Right off the bat we know 2 things as true: God desires us to be holy & the Holy Spirit is responsible for the process of sanctification (1 Peter 1.2). But this process is drawn out — and at times painful. Aren’t there any shortcuts? Perhaps some ‘spiritual accelerators’? Legalism would say yes.
“Hey christian,” suggests Legalism, “you want to be holy? Just follow this list of expectations:”
- Stop watching R-rated movies
- If you’re a girl, stop wearing pants.
- If you’re a guy, only wear pants.
- Read 2 chapters every day.
- No secular music
- Never miss a church service, etc.
“Follow this list and you’ll be accepted by God, make the Holy Spirit happy, and serve as an example to the weaker folk.”
But the whole point Legalism misses is that God is glorified by both holy lives as well as the process by which we are made holy. The author of Hebrews, after exalting Christ as the perfect Mediator, concludes: “Let us then with confidence draw near to the throne of grace, that we may receive mercy and find grace to help in time of need” (Heb 4:16). This is the process of sanctification that glorifies God: repentant & needy Christians, coming before the Throne, seeking help in Christ. To sidestep this process is to undermine our perfect Mediator and rob the Throne of glory.
Herein lies the difference between sanctification and mere self-improvement. When an atheist chooses to quit being lazy at work, we would rightly claim he has chosen an ethical high-road. We would not, however, call it sanctification. In the same way, a young christian may make moral changes in his life due to peer-pressure from his youth group, or in an attempt to live up to his profession of faith. Yet, the mere claim “I quit watching porn” is not proof of sanctification; it may be self-improvement. He has chosen a moral high-road although his relationship with his Savior is at the same stand-still. Instead, God desires to see Christians humbly confess “I quit watching porn because God’s mercy & grace in Jesus Christ transformed my affections”. This alone is fruit of the proper process of sanctification and requires the Spirit’s work in understanding, repentance, faith, dependence & love.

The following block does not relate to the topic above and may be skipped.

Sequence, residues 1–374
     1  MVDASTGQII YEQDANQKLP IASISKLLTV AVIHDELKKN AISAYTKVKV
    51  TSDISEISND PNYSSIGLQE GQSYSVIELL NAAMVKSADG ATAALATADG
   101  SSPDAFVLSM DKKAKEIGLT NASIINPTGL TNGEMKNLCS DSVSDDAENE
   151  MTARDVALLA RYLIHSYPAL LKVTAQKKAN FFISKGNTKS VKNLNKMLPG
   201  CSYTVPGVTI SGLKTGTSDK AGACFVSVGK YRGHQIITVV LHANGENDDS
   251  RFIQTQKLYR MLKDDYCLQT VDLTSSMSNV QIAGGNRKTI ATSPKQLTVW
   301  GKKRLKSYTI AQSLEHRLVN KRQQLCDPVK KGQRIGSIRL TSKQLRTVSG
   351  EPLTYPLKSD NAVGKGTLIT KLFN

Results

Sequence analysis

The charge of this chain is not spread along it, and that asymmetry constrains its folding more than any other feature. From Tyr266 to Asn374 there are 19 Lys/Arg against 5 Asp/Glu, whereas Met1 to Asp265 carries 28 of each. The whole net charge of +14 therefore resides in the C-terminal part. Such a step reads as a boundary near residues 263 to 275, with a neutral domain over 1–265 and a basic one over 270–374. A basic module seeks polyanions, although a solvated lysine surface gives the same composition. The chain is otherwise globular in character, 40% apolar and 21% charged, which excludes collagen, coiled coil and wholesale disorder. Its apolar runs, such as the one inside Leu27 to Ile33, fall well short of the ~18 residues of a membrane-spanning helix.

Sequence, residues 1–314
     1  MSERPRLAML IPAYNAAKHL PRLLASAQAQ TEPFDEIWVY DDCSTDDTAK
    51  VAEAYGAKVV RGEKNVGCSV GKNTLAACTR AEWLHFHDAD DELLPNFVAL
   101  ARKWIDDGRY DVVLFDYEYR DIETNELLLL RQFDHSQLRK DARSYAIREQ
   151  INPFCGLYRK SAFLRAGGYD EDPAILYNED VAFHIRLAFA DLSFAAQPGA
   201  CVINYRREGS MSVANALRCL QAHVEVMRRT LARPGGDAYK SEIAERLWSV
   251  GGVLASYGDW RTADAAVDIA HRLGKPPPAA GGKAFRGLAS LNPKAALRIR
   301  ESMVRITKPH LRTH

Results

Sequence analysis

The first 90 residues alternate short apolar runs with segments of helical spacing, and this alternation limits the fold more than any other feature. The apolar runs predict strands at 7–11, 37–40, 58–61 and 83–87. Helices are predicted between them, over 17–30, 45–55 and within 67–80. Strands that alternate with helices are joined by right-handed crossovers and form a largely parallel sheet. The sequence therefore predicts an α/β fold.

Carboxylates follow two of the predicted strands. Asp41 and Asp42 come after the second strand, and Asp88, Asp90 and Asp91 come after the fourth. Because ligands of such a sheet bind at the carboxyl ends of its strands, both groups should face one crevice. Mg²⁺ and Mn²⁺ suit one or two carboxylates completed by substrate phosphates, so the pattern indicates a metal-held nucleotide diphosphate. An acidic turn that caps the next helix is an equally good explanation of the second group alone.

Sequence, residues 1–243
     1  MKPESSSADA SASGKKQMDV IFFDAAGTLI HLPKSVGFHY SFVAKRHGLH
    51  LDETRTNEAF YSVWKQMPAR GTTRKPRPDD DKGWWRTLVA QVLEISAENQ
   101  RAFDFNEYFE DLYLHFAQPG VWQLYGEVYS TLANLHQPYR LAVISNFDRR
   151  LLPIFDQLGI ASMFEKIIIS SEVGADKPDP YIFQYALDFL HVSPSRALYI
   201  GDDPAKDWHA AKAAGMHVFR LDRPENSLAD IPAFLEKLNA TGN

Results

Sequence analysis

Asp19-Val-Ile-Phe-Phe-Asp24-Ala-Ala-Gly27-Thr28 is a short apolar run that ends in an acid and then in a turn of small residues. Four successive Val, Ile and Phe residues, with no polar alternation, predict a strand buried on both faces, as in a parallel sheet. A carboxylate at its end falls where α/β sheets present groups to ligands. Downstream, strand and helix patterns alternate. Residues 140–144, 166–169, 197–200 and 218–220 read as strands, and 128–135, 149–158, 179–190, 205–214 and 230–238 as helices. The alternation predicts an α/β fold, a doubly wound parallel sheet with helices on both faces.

Only when sanctification is fruit of the proper process may it be called the very fruit of the Spirit: “love, joy, peace, patience, kindness, goodness, faithfulness, gentleness, self-control” (Gal 5:22,23). Ironically, these acts of the heart are never found on a legalist’s list.
The rich young ruler was more moral than many Christians but he never knew sanctification. He checked items off a list but he never drew near to the throne of grace, seeking mercy and grace. Christian, do not swap your great privilege for mere legalism. Do not trade your birthright for a bowl of stew.